Katy Balls

BBC mayoral debate: Sadiq and Zac try to set the record straight over ‘extremism’ allegations

BBC mayoral debate: Sadiq and Zac try to set the record straight over 'extremism' allegations
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As the European referendum campaign gains momentum, the London mayoral election has had to take a backseat in recent weeks when it comes to setting the news agenda. Tonight the mayoral candidates had a chance to turn this around as part of the BBC's London's Mayor debate. While Respect candidate George Galloway was left out of the line-up, the five main candidates -- Zac Goldsmith, Sadiq Khan, Caroline Pidgeon, Sian Berry and Peter Whittle -- joined Andrew Neil for the biggest debate of the campaign. With the election widely seen to be a two-horse race between Khan and Goldsmith, the pair dominated the evening as their campaign feuds bubbled to the surface.

The first topic on the agenda was security. Berry -- the Green candidate -- said that when it came to defending the city, the mayor's 'strongest weapon' in all of this is leadership, rather than the police. While Labour's Khan said that he would respond to terrorism threats by 'encouraging integration' and seeking 'reassurance' over the police precautions in place, Goldsmith managed to offer some figures to prop up his own plan of action. The Conservative candidate promised to keep police numbers at 32,000, over the next four years, as well as backing the police's call for approval to double the number of response force task officers.

A student from Notting Hill then complained that her Muslim friends often felt uncomfortable in public when in Islamic dress. She asked the candidates how they could help tackle such prejudice in the city. At this point, Goldsmith appeared to think he was on a fashion panel rather than part of a political debate, insisting several times that he was 'very relaxed' about how Muslim women dress. After the student reminded him that her question was to do with prejudice, the Conservative MP said that he would stamp down on hate crime. Neil asked if this was sincere given that Yvette Cooper had recently accused him of running a racist campaign. 'My campaign has been overwhelmingly positive,' Goldsmith insisted, with a straight face. 'No one in my campaign team has said Sadiq Khan is extreme -- no one has suggested he is extreme.' Sir Jimmy Goldsmith's son then risked the wrath of the politically correct squad, as he blamed 'nut jobs on Twitter' for such suggestions (seemingly forgetting the Tory election leaflets which describe Khan as 'radical and divisive').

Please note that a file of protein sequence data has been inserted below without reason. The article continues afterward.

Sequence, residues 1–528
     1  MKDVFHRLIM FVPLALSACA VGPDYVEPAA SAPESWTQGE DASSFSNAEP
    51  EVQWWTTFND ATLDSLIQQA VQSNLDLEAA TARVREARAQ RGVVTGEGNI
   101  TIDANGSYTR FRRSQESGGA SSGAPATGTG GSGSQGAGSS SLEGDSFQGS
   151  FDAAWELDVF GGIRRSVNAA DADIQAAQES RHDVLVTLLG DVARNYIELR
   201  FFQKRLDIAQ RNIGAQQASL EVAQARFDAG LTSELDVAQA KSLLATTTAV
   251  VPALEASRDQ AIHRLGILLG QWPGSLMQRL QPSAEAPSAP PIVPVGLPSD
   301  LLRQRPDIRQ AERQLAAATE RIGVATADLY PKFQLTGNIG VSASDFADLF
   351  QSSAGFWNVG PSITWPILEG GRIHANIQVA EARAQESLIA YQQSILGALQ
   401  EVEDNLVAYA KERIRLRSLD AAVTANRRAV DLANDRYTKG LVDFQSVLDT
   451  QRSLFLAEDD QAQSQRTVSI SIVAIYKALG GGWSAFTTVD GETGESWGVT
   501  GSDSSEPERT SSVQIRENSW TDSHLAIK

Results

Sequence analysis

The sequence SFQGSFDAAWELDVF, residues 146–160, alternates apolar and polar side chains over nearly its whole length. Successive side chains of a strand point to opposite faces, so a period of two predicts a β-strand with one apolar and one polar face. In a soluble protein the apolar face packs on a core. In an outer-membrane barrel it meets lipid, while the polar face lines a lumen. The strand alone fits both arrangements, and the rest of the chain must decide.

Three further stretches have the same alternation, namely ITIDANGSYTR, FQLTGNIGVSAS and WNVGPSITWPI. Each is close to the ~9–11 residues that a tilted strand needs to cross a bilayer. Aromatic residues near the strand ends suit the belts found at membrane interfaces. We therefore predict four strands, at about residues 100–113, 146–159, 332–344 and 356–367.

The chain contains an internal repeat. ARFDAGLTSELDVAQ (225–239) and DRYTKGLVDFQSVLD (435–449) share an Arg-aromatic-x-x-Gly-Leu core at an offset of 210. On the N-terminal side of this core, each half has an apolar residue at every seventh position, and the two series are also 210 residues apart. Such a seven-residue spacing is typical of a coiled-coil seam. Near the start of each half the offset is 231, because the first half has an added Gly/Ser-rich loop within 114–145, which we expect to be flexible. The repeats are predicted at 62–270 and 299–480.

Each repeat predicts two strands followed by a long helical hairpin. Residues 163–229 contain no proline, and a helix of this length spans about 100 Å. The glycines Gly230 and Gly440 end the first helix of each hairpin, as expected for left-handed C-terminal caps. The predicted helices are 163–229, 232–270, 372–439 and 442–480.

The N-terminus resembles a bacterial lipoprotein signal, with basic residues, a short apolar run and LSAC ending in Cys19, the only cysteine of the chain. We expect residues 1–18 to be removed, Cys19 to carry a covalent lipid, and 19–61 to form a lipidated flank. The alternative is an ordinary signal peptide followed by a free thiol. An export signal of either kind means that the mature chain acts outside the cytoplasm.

Khan didn't get off scot-free either as he was left to defend his links to extremists. While he tried to put these down to his former career as a human rights lawyer, Neil went on to remind him of the platforms he had shared with figures like Suliman Gani outside of office hours:

AN: It wasn't just your job as a lawyer for liberty that brought you into touch with unsavoury characters -- lawyers often have to do that. You appeared on platforms with Suliman Gani, you appeared on a platform with him nine times. On at least one of these times you must have found out what he really believed in?

SK: There are lots of campaigns that I have been involved in as chair of Liberty, as a human rights lawyer, and as a...

AN: Do you regret appearing on platforms with people like that?

SK: I regret giving the impression I subscribe to their views and I've been quite clear I find their views abhorrent

The three other candidates appeared to tire of the attention given to the two frontrunners's campaigns so far. Pidgeon, the Liberal Democrat candidate, complained that there had been too much mud-slinging, as opposed to focussing on real issues. However, the candidates policies on 'real issues' were met with a muted response as the audience struggled to find a candidate worth getting excited about. Although Goldsmith put on a confident performance exerting more charm than Khan, he was on unpopular ground over TfL -- conceding that it was likely fares would rise under him. Khan's plan to freeze fares proved more popular -- even though his Tory rival claims it will cost £1.9bn. Ukip's Whittle offered a more drastic approach, promising to scrap HS2 as well as the garden bridge.

It was housing that proved to be the most revealing topic -- though not for a reason any of the candidates would have hoped for. With both Boris Johnson and Ken Livingstone only managing to build around 20,000 homes during their time as mayor, would these candidates fare any better if elected? While Whittle thinks the housing crisis will be solved by tough immigration laws, the other four candidates have pledged to build 50,000 homes each. Goldsmith wishes to build on Brownfield land, Khan would build on TfL land, Berry pledged cut out the developers and Pigeon said she would take the money from the Olympic games premium and use it to borrow.

After they had all offered their explanations of how they would do it, Neil asked the audience to raise their hand if they were convinced by any of the property pledges. Only one hand went up. Khan may still be leading in the polls, but in terms of a mayor the public can trust to deliver, the search is still on.